One obvious explanation is a decline in nutrition amid rising populations and declining agricultural productivity (Africa barely registered a green revolution). Another major culprit is the economic disaster that visited the Continent from the late 1970s to the early 1990s — which resulted in poor nutrition and an unchecked disease burden. Lastly, there is the issue of water and sanitation, especially in the context of a rapidly urbanizing population, which has direct implications for the realized disease burden.

The top 20 best countries to invest your money in Africa

This is according to the latest Ernst & Young’s Africa Attractiveness Report (2016). Kenya is ranked 4th. Ahead of Tunisia, Mauritius, and Botswana. You just need to spend a few hours in Nairobi, or the other 46 county headquarters, to understand why. While economic inequality remains to be a huge (political) challenge, it’s hard to argue against the structural transformations underway in the Kenyan economy.

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More on this year.

Human Capital and Economic Development in Britain, 1750-1930

B. Zorina Khan writes:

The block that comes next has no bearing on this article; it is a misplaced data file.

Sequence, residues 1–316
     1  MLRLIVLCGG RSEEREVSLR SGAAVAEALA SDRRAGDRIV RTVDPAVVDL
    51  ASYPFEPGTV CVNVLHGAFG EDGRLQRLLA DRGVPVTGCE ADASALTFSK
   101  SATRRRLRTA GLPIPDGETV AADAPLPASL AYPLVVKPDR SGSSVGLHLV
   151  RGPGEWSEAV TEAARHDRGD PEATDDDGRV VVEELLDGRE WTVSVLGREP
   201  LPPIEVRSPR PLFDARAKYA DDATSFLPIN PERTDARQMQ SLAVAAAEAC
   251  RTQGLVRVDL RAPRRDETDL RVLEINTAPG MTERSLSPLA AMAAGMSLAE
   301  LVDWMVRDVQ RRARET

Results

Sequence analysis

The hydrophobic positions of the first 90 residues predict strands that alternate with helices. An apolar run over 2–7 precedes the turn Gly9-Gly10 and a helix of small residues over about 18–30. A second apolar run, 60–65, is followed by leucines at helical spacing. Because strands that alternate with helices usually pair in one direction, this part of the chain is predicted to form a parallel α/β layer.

Many argue that the nature of early British industrialization supports the thesis that economic advances depend on specialized scientific training, the acquisition of costly human capital, and the role of elites. This paper examines the contributions of different types of knowledge to British industrialization, by assessing the backgrounds, education and inventive activity of the major contributors to technological advances in Britain during the crucial period between 1750 and 1930. The results indicate that scientists, engineers or technicians were not well-represented among the British great inventors, and their contributions remained unspecialized until very late in the nineteenth century. For developing countries today, the implications are that costly investments in specialized human capital resources might be less important than incentives for creativity, flexibility, and the ability to make incremental adjustments that can transform existing technologies into inventions that are appropriate for prevailing domestic conditions.